“It’s very common for many Quebec aboriginals to decide against voting. It’s often considered to be a recognition of the sovereignty of another government over our own, something that takes away from our right to self-determination,” says Melissa Mollen Dupuis, an Innu woman, who is also one of two main organizers behind the Quebec branch of aboriginal activist group Idle No More.

Melissa is an off-reserve aboriginal, and votes every election. Although she admits that the PQ’s agenda had more people talking about the vote, the lack of aboriginal issues being addressed on the campaign has left many people feeling alienated. This is especially true in remote northern communities, where important issues like housing and poor access to health and social services aren’t being talked about. “If Quebec is one big hamburger, why are we the side of fries?” asks Dupuis.

Chief Phillips says he has never voted in a provincial or federal election, and that the Mohawk council does not endorse voting. Despite allegations of voting intimidation in Kahnawake, he says anyone who wishes to vote is free to, and a tiny percentage of the community does.

But the aboriginal vote is never completely absent, and the last push for Quebec sovereignty proved that. During the 1995 referendum, the Cree of James Bay and the province’s Inuit people decided the best way to assert their own right to self-determination was to hold their own referendums. Both drew 75 percent of their eligible voters to the polls, with 96 percent of respondents refusing to be part of an independent Quebec.

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Today, billions of dollars flow into the Quebec economy from resource development in the north. Hydro Quebec, the world’s largest hydroelectric producer and the crown jewel of Quebec’s resource economy, operates on territory that is shared with Cree and Inuit people. With both the Liberals and the PQ pushing for increased northern development, the voting climate stands to change in Quebec’s northernmost riding of Ungava.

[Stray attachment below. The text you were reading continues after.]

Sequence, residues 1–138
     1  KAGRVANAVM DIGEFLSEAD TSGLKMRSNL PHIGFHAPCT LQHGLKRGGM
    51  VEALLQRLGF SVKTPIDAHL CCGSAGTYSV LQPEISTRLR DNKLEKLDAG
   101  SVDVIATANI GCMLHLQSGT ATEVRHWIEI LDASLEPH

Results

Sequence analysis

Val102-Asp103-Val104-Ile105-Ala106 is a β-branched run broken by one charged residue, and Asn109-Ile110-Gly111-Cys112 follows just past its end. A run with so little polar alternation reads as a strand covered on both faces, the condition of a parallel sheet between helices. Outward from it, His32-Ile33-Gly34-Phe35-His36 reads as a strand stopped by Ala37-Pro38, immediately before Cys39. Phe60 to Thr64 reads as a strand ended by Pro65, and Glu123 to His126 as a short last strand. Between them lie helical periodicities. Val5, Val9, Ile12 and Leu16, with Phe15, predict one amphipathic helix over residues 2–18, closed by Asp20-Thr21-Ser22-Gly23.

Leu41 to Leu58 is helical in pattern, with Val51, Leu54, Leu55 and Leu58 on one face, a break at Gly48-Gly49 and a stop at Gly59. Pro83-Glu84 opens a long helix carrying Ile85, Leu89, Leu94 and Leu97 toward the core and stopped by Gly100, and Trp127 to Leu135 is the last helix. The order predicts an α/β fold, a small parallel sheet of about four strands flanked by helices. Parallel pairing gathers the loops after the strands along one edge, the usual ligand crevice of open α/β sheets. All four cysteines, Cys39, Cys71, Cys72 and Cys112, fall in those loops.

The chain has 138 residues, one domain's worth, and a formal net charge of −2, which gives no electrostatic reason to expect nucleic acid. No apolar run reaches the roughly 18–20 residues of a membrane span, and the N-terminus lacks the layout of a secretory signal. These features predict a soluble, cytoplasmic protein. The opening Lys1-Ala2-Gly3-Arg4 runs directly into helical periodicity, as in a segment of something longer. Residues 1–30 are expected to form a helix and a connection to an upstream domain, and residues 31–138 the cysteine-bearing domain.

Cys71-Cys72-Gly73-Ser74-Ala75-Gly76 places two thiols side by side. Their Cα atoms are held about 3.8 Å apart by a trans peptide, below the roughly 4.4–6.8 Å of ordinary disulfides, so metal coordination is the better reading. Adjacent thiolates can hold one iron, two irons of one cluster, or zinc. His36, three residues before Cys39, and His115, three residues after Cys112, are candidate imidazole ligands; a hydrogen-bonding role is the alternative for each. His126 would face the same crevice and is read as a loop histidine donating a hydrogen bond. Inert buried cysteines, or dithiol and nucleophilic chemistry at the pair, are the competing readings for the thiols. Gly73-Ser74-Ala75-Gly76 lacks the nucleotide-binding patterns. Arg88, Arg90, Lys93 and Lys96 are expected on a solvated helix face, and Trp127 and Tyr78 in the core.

“Aboriginal people will play an increasing role in the way that resource development takes place on the traditional territories of aboriginal people,” Cree Grand Chief Matthew Coon Come told The Nation. “This reality will translate eventually into an increasing interest on everyone’s part in involving our communities in electoral politics.”

Coon Come openly encourages his people to vote, and with good reason. In the last provincial election, their riding (Ungava) was decided by 1,153 votes. With only a 13.5 percent turnout amongst Crees, 7,705 eligible votes were not cast. As one of the province’s fastest growing demographics, today’s northern aboriginals have the potential to claim a greater say in Quebec’s politics.

“Too often, electoral boundaries have been configured in such a way as to ensure the minority status of our people across the country,” Coon Come says. “In spite of that, there are areas where the population of Aboriginal people is still increasing and where they cannot be ignored anymore.”

It’s easy to admit that politics in Quebec can get ugly. But in an election campaign that has focused on the province’s so-called values, the values of its original inhabitants have not been acknowledged. The decision to participate in any election is a personal choice. Whether or not Quebec’s aboriginal communities choose to vote, this year’s campaign leaves little doubt that their allies in the National Assembly are still few and far between.

Photo via Flickr user abdallahh